Need for regulation: The current unregulated sale of e-cigarettes is dangerous for a country like India where the number of smokers is on the decline (WHO Global Report, 2015) as it increases the possibility of e-cigarettes becoming a gateway for smoking by inducing nicotine addiction and perpetuating smoking by making it more attractive, thereby encouraging persons to become users of tobacco as well as e-cigarettes.

WHO report on e- cigarettes and effects:

  • As per the report, Electronic Nicotine Delivery Systems (ENDS) (also known as e-cigarettes) emits nicotine, the addictive component of tobacco products. In addition to dependence, nicotine can have adverse effects on the development of the foetus during pregnancy and may contribute to cardiovascular disease.
  • The WHO report further says that although nicotine itself is not a carcinogen, it may function as a “tumour promoter” and seems to be involved in the biology of malignant disease, as well as of neurodegeneration.
  • Foetal and adolescent nicotine exposure may have long-term consequences for brain development, potentially leading to learning and anxiety disorders.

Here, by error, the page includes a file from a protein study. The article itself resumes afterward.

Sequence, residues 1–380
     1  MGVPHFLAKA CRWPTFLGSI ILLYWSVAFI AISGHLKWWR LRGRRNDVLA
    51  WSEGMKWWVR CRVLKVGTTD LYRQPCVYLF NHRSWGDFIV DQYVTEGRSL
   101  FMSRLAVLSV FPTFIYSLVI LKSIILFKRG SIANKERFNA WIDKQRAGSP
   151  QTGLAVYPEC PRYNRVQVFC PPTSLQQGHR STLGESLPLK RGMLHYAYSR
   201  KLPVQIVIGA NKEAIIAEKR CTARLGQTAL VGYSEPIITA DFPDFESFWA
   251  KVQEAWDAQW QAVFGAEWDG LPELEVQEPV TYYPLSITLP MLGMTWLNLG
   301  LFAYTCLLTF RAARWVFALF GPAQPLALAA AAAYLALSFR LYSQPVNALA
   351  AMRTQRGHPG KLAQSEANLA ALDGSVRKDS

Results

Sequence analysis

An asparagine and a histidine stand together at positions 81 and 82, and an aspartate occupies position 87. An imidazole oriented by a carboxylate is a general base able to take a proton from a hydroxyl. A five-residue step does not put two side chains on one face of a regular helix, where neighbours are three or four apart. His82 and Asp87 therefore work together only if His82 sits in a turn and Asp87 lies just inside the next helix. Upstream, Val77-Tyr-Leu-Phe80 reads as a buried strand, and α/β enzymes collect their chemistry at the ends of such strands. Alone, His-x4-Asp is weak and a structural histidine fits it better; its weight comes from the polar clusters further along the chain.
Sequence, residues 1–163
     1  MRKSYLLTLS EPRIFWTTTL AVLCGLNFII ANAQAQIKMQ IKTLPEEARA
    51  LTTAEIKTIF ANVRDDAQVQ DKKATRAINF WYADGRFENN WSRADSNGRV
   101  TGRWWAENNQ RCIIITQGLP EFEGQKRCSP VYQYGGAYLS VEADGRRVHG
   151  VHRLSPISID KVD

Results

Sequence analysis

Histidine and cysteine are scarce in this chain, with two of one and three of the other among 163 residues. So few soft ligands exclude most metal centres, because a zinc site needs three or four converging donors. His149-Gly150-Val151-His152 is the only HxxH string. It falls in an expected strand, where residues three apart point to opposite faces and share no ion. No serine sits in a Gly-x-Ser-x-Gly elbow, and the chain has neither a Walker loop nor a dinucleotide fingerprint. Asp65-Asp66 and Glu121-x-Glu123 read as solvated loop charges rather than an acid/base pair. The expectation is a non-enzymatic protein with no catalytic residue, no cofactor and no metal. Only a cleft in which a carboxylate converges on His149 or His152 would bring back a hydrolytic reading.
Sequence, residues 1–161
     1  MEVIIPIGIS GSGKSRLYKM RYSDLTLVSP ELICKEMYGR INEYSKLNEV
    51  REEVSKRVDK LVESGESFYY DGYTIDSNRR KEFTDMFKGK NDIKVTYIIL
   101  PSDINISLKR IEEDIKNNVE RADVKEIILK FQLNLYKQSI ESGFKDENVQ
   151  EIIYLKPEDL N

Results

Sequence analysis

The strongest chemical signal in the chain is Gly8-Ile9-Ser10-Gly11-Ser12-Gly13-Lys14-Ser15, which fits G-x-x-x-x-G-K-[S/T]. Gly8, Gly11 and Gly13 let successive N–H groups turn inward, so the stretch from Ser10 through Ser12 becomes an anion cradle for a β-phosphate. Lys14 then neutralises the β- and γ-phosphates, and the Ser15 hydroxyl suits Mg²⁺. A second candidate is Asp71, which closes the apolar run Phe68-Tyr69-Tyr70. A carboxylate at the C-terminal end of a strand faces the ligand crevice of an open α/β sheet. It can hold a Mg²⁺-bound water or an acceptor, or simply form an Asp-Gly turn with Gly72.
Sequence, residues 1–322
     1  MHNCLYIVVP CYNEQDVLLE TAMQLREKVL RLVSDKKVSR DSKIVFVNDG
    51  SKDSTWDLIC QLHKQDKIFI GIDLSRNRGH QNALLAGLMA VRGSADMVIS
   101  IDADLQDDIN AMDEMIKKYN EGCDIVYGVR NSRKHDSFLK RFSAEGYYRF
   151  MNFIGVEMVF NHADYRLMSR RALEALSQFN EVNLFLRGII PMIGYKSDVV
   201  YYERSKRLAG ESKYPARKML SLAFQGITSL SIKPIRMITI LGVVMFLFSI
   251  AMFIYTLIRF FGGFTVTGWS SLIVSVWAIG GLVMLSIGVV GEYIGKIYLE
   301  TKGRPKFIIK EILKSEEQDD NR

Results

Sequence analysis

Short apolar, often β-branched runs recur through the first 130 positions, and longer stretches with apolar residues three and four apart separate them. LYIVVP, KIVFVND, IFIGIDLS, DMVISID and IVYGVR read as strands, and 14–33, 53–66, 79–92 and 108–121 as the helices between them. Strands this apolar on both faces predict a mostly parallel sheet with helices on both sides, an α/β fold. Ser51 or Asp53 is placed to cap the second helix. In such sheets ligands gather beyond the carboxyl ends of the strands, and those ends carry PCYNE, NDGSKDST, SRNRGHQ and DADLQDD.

• The evidence is sufficient to warn children and adolescents, pregnant women, and women of reproductive age against ENDS use and nicotine.




Source: The Hindu

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A case for differential global carbon tax.

GS-III: A case for differential global carbon tax.


Climate change is a global problem and a global problems needs a global solution.The most recent IPCC report suggests that we as human kind might have just over a decade left o limit global warming.

What is carbon tax?

A carbon tax is a fee for making users of fossil fuels pay for climate damage their fuel use imposes by releasing carbon dioxide into the atmosphere, and for motivating switches to clean energy

India introduced a nationwide carbon tax in 2010, which is currently Rs.400/tonne.

Carbon as non-regressive: